However, I have been unable to reach the same conclusion with respect to Billie Holiday. I am obviously missing something that everyone else can easily hear, but I find her voice not particularly pleasant and her articulation and pitch frequently erratic.
I have dutifully bought the recordings that most jazz commentators rank among her best, the small combo sides with Teddy Wilson, and listened carefully to them. The jazz is wonderful, but I don’t hear Lady Day adding much to the proceedings most of the time. I have rarely gotten these sessions back off the shelf.
Thus, though Ms. Holiday is considered by some respected critics to be the greatest female jazz singer who ever lived, she has been missing on purpose from my “favorites” list. Perhaps someday I will get her message, as I eventually did in the story I am about to relate.
There is just one singer who affects me with the same emotional impact as Bessie Smith. I was first exposed to her some 35-40 years ago, when I was just beginning to dig deeply into jazz.
As many of you know, I came to Dixieland via the West Coast revivalists. Initially, I was not finely attuned to the nuances of jazz singing, but I knew how highly Bessie Smith was regarded. I had bought some of her records and was beginning to assimilate them when I read of another singer who was favorably compared to her.
Back then, you could take LPs into a booth in the store and audition parts of a few tracks. So, following the lead, I listened to this second singer. However, she wasn’t singing with a jazz background. Not hearing my beloved banjo and tuba, nor much other jazz, and not fully knowing what to listen for, I bypassed the album. Shortly thereafter I saw this artist in a feature film and had the same experience.
As the decades went by, I became immersed in all aspects of Dixieland and eventually developed a taste for a music closely related thereto – pre-war (or “country” or “acoustic” blues), which includes certain types of religious music. I’ll elaborate on blues & gospel in another column, but for now, I’ll say that this interest brought me full-circle back to the artist I had bypassed many years ago.
When Columbia brought out a special boxed set of her material in 1991, I decided to take a chance on the audiocassette version. After about four tracks, I went back to buy the CD version as well for my permanent collection, all the while kicking myself for the many years during which I was missing out on this artist.
Now I rarely take an automobile trip without at least one of the cassettes from C2T 47083 “Gospels, Spirituals & Hymns” by Mahalia Jackson, and I am in the process of trying to acquire as many of her recordings as possible. Ms. Jackson may not be performing jazz songs, and she may not be singing with jazzmen behind her, but she can, and often does, outswing anyone you’d care to name.
Listen, for example, to the power and drive of “Roll, Jordan, Roll” in that collection. And if you can get all the way through “I Found The Answer” without being moved by the passion, joy and resonant beauty in that voice, you’re more hard-hearted than I.
I have occasionally talked to fans who tell me that they don’t like vocals. Having heard some of the “vocalists” who’ve made it onto records and festival stages, I can see how some listeners might be discouraged in that respect.
However, as I’ve said, the voice is an instrument. Deciding that you don’t want to hear it, no matter how well played, makes as much sense as deciding that you don’t want to hear a band with a trumpet, or a trombone, or piano, or some other instrument that, like the voice, can be handled badly or can be handled so well that you’ll be transformed by it.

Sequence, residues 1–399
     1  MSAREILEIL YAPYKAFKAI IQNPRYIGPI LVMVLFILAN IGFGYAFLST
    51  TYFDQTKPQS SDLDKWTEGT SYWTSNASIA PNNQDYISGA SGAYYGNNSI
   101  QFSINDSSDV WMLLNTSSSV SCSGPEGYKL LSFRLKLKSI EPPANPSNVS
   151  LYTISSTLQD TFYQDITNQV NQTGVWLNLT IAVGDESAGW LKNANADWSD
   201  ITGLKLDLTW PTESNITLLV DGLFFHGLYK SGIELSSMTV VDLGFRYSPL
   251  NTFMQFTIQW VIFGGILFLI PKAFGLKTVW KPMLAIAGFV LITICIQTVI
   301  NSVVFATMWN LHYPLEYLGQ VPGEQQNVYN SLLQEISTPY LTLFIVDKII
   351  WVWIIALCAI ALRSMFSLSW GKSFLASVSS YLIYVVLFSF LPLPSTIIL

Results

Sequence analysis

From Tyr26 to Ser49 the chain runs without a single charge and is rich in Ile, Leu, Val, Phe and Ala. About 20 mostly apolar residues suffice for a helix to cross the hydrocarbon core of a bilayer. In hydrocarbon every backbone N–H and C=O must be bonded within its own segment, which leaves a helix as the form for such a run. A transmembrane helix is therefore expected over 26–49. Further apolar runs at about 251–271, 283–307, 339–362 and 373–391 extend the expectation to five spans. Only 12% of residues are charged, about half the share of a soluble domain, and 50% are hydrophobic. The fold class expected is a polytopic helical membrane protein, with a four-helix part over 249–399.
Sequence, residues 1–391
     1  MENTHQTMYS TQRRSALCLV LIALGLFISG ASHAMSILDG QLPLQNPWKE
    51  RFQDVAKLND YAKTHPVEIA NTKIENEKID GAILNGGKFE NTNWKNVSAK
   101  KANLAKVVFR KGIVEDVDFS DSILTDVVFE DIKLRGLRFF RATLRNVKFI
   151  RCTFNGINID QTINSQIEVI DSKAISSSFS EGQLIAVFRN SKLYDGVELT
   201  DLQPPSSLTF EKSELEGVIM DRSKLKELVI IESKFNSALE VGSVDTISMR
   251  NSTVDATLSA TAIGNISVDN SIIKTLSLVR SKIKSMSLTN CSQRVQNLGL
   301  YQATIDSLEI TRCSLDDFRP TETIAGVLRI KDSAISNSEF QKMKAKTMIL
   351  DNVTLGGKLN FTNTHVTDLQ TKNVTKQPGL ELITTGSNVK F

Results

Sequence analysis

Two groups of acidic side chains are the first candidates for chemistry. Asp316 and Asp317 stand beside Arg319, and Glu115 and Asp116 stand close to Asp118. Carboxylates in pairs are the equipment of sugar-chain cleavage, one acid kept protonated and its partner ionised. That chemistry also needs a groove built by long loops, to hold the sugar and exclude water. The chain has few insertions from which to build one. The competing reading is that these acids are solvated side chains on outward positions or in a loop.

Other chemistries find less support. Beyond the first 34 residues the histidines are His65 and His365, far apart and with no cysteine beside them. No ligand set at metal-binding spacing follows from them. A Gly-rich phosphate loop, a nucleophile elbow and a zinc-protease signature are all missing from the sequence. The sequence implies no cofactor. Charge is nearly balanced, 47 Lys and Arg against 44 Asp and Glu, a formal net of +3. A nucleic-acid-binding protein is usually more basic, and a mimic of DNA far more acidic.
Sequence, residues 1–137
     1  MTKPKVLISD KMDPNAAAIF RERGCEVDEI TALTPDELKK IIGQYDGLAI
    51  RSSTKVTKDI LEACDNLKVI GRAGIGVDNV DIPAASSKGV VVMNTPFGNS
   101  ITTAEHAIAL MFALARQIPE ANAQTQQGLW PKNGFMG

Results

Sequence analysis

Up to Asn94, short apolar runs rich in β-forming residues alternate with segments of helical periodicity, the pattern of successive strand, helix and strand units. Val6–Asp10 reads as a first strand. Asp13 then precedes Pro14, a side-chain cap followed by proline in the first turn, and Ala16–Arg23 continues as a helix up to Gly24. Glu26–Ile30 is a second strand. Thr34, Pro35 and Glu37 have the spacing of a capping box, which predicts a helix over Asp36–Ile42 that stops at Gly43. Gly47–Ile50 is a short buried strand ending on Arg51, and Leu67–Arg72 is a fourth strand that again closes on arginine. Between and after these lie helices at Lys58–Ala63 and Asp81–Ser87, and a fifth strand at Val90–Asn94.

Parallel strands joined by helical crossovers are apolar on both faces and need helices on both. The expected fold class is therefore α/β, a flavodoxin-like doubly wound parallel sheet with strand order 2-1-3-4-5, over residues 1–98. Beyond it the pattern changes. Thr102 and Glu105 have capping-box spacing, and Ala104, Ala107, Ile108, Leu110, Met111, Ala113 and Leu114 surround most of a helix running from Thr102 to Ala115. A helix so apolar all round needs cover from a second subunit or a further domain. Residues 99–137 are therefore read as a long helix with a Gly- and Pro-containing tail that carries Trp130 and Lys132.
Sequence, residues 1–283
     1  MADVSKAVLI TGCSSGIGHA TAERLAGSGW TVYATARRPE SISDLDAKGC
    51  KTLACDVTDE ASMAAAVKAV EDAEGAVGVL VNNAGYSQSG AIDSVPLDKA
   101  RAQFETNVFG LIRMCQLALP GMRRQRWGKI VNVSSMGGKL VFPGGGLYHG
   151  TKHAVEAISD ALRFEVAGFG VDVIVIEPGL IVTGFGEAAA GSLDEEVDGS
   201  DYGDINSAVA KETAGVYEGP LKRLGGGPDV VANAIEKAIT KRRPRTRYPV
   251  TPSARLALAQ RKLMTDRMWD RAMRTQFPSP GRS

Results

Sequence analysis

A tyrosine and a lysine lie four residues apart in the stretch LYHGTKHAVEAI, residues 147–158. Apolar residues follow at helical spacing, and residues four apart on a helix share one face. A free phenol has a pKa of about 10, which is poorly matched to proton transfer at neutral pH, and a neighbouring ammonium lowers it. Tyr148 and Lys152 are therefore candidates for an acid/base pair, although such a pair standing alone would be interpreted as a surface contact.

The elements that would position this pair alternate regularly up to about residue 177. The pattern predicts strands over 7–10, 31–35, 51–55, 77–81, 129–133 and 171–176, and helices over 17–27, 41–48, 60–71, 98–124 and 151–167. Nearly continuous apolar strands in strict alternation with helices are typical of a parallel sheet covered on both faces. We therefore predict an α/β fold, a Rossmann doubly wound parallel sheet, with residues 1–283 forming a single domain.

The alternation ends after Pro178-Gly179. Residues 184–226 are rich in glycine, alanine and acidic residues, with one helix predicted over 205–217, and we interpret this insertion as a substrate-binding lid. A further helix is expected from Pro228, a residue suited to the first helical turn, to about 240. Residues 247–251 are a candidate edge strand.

The singers recommended herein are among those who have made me realize how enjoyable jazz singing can be. Perhaps if you sampled a cross-section thereof, you’d find additional riches in our music.
If you want to investigate the subject in depth, Friedwald’s book, mentioned above, is a good place to start. It’s written in a conversational fan-oriented style, talks about all the right people, gives you leads to names that will be new to you, and even includes a useful discography (unfortunately, mostly of LPs, difficult to locate today). Its only deficiency is that Friedwald does not tell you in so many words what he thinks jazz singing is, nor does he always tell you what you should be listening for with respect to the individual singer he’s discussing.
However, I’ve given you a definition of jazz singing in today’s column that should keep you on the right road. Let me know how you come out.
The full run of “Texas Shout” has been collected into a lavishly illustrated trade paperback entitled Texas Shout: How Dixieland Jazz Works. This book is available @ $20.00 plus $2.95 shipping from Tex Wyndham, On request, Tex will autograph the book and add a personalized note (be sure to tell him to whom the note should be addressed).
Tex Wyndham’s 3 CD Guide to Dixieland with music and commentary is available for $20 plus $2.95 shipping. The separate CD, A History of Ragtime: Tex Wyndham Live At Santa Rosa, is available for $13.00 plus $2.00 shipping. On request, Tex will autograph the inner sleeve and add a personalized note (be sure to tell him to whom the note should be addressed).
Send payment to Tex Wyndham, P.O. Box 831, Mendenhall, PA 19357, Phone (610) 388-6330.
Note: All links, pictures, videos or graphics accompanying the Shouts were added at the discretion of the Syncopated Times editorial staff. They did not accompany the original columns and do not necessarily reflect the opinion of Tex Wyndham.